Finance Minister Albayrak says Turkey is ready on all counts as a UEFA report flags issues about Turkey's 2024 European Championship bid over infrastructure and human rights. The report raises few issues with the German proposal.
Turkey is ready for Euro 2024, Turkey's Finance Minister Berat Albayrak said as the UEFA expressed concerns on Friday about Ankara's bid a week before the 2024 European Championship hosting vote. The UEFA raised no significant issues with Germany's proposals in an evaluation.
"Economy-wise and infrastructure-wise, Turkey is ready," Albayrak said at a joint press conference in Berlin with Germany's economy and finance ministers.
European football's governing body has also flagged up a risk over the ability for fans to travel around Turkey, which plans to enhance transport infrastructure for the tournament.
"The scale of works to be undertaken in the given time frame constitutes a risk, especially in combination with the dependence on a few airports for international and domestic travel," the UEFA said.
But the same UEFA executive committee that votes on Thursday on the Euro 2024 host decided in May to send a showpiece occasion to Turkey. The 2020 Champions League final will be staged in Istanbul at the Ataturk Olympic Stadium, although the latest UEFA report said rebuilding work poses a risk to that event or Euro 2024.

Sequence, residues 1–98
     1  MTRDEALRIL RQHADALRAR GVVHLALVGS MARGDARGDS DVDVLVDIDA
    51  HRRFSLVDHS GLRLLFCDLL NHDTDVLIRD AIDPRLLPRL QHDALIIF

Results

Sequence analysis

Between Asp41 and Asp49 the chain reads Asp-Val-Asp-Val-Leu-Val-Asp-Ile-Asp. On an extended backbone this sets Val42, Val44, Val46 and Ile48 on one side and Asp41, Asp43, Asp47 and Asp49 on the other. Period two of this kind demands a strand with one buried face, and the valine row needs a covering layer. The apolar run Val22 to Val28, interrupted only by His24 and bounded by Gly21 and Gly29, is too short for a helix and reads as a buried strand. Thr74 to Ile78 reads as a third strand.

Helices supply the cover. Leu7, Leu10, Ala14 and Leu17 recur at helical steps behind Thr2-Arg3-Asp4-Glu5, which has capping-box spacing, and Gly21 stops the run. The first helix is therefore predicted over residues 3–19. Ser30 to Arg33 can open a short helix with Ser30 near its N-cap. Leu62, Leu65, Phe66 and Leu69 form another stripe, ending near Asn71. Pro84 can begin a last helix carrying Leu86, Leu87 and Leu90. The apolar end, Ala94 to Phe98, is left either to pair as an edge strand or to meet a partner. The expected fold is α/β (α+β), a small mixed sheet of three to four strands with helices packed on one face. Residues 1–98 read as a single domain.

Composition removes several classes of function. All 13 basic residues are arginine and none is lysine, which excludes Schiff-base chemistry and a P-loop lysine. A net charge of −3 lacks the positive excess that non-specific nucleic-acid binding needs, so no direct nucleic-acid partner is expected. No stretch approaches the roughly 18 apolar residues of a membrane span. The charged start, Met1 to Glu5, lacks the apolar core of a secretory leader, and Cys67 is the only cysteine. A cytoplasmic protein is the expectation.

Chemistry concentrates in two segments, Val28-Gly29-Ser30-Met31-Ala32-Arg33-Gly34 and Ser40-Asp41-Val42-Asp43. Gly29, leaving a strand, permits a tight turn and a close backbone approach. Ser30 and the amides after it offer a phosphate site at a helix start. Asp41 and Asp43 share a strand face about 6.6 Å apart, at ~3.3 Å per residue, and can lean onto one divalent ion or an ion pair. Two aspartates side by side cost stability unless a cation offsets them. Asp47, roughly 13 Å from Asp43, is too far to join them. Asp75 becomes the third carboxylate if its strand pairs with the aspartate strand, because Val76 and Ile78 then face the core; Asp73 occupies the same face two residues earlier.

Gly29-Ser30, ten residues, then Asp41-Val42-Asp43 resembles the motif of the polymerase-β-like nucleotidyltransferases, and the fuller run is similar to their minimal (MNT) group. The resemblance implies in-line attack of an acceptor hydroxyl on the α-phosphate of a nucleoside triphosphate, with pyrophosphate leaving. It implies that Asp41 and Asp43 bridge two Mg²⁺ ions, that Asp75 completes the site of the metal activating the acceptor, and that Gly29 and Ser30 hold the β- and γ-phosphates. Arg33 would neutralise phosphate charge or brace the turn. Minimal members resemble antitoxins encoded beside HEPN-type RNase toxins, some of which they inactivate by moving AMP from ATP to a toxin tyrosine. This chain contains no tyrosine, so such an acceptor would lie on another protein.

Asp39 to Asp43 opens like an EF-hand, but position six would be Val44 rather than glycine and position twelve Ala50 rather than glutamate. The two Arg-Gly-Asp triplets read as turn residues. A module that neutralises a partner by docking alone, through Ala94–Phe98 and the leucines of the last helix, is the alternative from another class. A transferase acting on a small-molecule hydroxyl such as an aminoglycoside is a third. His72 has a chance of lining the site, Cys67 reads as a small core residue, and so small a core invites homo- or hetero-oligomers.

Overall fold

Turkey's restriction on advertising alcoholic products is also problematic for the UEFA, which said it could create a "conflict if a sponsorship agreement is signed with a beer company." Germany doesn't have the same prohibition.
Financial benefits for the UEFA of taking the tournament to Turkey are the tax exemptions being offered by the government which Germany will not give.
But UEFA cautions that "recent economic developments" in Turkey "may put planned public investments under pressure."
The Turkish lira has lost around 40 percent against the dollar this year, raising the price of imports.
European football's governing body is also troubled by the lack of proposals "to ensure the protection of human rights" at the 24-nation flagship tournament.
A crackdown after a failed military coup in 2016 led to mass arrests. Although the two-year-old state of emergency expired in July, new anti-terror laws allow authorities to press ahead with mass firings.
The evaluation from UEFA presents a major obstacle to Turkey's hopes of hosting its first major football tournament.
The German bid
While Germany has 10 stadiums already in place, organisers will have to pay rent, unlike Turkey, which is offering all venues for free, with the government subsidising costs.
Germany has sought to make Turkey's political issues a factor in the campaign. German federation President Reinhard Grindel criticised Turkey's authoritarianism after seeing two of his players with Turkish roots — Mesut Ozil and Ilkay Gundogan — posing for photos with Erdogan in London in May.
The UEFA evaluation highlights no significant issues with Germany's bid to host its first major football tournament since the 2006 World Cup.
But the German federation faced sharp criticism from Ozil, who quit the national team saying there was racist treatment of people with Turkish roots. In their bid books, the Germans talked up their "integration project for refugees."
UEFA concludes the German bid is "of high quality and comfortably meets overall expectations when it comes to political aspects, social responsibility, sustainability and human rights."